Each myth is presented in the voice of a narrator writing under the Antonines, such as Plutarch or Pausanias, with citations of the classical sources. Each myth is followed by an interpretation of its origin and significance, in the terms of Graves' other essays on mythology, such as The White Goddess.
Graves interpreted Bronze Age Greece as changing from a matriarchal society under the Pelasgians, to a matrilineal one, to a patriarchal one under continual pressure from victorious Greek-speaking tribes. In the second stage, local kings came to each settlement as foreign princes, reigned by marrying the hereditary queen, who represented the Triple Goddess, and were ritually slain by the next king after a limited period, originally six months. Kings managed to evade the sacrifice for longer and longer periods, often by sacrificing substitutes, and eventually converted the Queen, priestess of the Goddess, into a subservient and chaste wife, and in the final stage had legitimate sons to reign after them.
The Greek Myths presents the myths as stories from the ritual of all three stages, and often as historic records of the otherwise unattested struggles between the Greek Kings and the Moon-priestesses. In some cases, Graves conjectures a process of "iconotropy" or image-turning, by which a hypothetical cult image of the matriarchal or matrilineal period has been misread by later Greeks in their own terms. Thus, for example, he conjectures an image of divine twins struggling in the womb of the Horse-Goddess, which later gave rise to the Trojan Horse myth.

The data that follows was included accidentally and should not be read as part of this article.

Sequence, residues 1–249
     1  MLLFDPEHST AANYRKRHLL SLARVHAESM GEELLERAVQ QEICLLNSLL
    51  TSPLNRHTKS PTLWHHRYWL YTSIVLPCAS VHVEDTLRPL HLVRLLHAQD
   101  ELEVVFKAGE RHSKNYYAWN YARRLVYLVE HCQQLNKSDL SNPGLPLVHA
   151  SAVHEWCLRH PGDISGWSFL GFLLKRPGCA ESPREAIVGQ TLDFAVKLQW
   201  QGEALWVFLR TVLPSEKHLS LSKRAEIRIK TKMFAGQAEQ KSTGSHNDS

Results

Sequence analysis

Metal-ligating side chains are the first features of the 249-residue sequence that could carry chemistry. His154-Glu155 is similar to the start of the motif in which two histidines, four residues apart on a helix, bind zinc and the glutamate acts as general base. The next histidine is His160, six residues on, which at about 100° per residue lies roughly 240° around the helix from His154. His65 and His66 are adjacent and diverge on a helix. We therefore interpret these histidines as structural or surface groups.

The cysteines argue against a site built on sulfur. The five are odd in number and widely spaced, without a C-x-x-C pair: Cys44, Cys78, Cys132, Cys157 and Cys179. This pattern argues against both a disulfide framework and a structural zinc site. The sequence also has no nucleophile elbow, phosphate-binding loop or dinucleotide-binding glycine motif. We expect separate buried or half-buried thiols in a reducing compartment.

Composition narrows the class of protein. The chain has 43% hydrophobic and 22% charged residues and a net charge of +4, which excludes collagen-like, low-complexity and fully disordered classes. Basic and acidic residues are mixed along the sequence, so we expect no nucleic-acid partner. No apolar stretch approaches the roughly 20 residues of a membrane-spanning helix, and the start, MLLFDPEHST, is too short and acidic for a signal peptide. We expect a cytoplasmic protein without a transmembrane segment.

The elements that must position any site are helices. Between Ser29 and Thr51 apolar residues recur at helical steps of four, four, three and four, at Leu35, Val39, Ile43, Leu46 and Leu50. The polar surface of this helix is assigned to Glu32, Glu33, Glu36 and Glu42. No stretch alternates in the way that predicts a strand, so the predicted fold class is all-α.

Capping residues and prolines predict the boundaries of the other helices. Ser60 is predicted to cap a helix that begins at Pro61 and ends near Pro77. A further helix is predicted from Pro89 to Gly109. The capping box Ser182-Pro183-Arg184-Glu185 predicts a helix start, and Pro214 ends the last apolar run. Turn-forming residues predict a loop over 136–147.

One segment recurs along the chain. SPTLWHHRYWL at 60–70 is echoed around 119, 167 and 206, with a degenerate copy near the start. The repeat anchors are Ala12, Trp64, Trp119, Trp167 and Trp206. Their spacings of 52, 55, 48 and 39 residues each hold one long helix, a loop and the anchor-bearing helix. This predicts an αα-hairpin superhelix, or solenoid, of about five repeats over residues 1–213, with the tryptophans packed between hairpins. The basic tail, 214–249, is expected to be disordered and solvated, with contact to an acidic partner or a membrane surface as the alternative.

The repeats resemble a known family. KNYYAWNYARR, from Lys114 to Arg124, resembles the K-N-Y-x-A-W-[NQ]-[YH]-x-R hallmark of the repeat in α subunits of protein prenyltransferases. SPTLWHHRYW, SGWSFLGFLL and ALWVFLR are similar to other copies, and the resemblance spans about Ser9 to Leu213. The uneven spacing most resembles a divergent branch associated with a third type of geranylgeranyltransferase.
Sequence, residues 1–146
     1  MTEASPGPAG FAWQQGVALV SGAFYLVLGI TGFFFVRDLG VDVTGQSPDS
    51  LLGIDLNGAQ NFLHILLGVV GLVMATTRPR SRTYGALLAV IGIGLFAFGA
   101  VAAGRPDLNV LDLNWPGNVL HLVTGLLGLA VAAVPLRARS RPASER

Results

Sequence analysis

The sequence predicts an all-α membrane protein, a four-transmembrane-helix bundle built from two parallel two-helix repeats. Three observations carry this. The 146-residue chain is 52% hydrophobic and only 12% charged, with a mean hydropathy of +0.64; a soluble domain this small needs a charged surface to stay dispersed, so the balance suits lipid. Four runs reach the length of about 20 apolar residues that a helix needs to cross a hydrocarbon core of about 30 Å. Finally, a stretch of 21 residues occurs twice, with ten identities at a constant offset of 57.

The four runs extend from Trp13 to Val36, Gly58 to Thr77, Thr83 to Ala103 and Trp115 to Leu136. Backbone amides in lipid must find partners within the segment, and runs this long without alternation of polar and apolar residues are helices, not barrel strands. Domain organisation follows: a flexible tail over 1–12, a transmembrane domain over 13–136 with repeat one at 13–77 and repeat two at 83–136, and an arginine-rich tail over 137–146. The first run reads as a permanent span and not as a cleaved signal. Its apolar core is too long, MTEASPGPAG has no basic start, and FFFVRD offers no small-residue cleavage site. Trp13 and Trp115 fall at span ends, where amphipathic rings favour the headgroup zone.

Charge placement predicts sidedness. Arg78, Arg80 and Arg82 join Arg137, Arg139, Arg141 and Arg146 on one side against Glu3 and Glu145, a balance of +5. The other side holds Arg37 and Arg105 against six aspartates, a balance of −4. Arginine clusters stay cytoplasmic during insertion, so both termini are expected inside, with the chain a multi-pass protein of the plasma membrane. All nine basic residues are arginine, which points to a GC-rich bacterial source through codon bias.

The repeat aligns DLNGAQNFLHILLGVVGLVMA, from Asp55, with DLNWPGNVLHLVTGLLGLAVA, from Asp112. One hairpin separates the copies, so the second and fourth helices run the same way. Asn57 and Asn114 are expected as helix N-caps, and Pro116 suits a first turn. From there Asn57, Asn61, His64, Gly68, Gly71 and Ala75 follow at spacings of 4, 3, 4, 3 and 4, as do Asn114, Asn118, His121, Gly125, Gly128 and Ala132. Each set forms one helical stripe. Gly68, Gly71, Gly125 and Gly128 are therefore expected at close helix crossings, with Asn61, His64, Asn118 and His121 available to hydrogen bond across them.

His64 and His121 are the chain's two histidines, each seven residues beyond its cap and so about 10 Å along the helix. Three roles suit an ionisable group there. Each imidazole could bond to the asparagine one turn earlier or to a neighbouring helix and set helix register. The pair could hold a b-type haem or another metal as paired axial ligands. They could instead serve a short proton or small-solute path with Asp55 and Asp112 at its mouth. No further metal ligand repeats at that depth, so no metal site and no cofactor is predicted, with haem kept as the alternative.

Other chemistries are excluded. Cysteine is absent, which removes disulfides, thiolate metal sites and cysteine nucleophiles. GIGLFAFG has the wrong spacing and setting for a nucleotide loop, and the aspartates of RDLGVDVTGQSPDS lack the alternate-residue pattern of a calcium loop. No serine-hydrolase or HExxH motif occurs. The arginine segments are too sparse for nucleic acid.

Graves' retellings have been widely praised: "The stories themselves have been presented in a lively and attractive manner, with an effect of candour and intimacy very like that of Samuel Butler's translations of Homer. Even some of the harshest critics of his scholarship agree: "the paraphrases themselves are wittily written, and take a twinkly delight in promoting extra-canonical alternative versions of familiar stories.
Ted Hughes and other poets have found the system of The White Goddess congenial; The Greek Myths contains about a quarter of that system, and does not include the method of composing poetry.
But The Greek Myths has been heavily criticised both during and after the lifetime of the author. These have primarily deprecated Graves' personal interpretations, which are, in the words of one of them, "either the greatest single contribution that has ever been made to the interpretation of Greek myth or else a farrago of cranky nonsense; I fear that it would be impossible to find any classical scholar who would agree with the former diagnosis." His etymologies are questionable, and his largely intuitive division between "true myth" and other sorts of story is viewed as arbitrary, taking myths out of the context in which we now find them. The basic assumption that explaining mythology requires any "general hypothesis", whether Graves' or some other, is also disputed.
H. J. Rose, and in this he is supported by several of the other critics cited, finds even the scholarship of the retellings questionable. Graves presents The Greek Myths as an updating of William Smith's Dictionary of Greek and Roman Biography and Mythology (originally published 1844) and calls it still "the standard work in English", never brought up to date; Rose finds this deprecable, and sees no sign that Graves has heard of the Oxford Classical Dictionary or any of the "various compendia of mythology, written in, or translated into our tongue since 1844." He finds many omissions and some clear errors, most seriously ascribing to Sophocles the argument to his Ajax (Graves §168.4); this evaluation has been repeated by other critics since.
Graves dismissed the reactions of classical scholars, arguing that by definition they lacked the poetic capacity to forensically examine mythology.